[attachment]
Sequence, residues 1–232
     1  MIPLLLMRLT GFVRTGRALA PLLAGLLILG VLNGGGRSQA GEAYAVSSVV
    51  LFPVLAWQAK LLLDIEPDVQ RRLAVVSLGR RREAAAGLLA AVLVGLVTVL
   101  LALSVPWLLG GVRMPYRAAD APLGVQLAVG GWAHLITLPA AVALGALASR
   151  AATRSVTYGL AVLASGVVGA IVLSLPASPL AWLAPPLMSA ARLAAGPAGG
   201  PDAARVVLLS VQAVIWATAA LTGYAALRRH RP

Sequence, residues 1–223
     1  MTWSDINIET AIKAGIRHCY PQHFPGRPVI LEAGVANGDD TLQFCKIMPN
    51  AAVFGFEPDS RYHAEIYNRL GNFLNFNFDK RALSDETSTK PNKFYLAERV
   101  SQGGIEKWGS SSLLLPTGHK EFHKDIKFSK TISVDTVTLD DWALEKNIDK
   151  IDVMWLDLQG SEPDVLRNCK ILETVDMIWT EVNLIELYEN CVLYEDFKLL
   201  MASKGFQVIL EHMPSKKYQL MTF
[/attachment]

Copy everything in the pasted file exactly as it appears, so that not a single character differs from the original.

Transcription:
Sequence, residues 1–232
     1  MIPLLLMRLT GFVRTGRALA PLLAGLLILG VLNGGGRSQA GEAYAVSSVV
    51  LFPVLAWQAK LLLDIEPDVQ RRLAVVSLGR RREAAAGLLA AVLVGLVTVL
   101  LALSVPWLLG GVRMPYRAAD APLGVQLAVG GWAHLITLPA AVALGALASR
   151  AATRSVTYGL AVLASGVVGA IVLSLPASPL AWLAPPLMSA ARLAAGPAGG
   201  PDAARVVLLS VQAVIWATAA LTGYAALRRH RP

Sequence, residues 1–223
     1  MTWSDINIET AIKAGIRHCY PQHFPGRPVI LEAGVANGDD TLQFCKIMPN
    51  AAVFGFEPDS RYHAEIYNRL GNFLNFNFDK RALSDETSTK PNKFYLAERV
   101  SQGGIEKWGS SSLLLPTGHK EFHKDIKFSK TISVDTVTLD DWALEKNIDK
   151  IDVMWLDLQG SEPDVLRNCK ILETVDMIWT EVNLIELYEN CVLYEDFKLL
   201  MASKGFQVIL EHMPSKKYQL MTF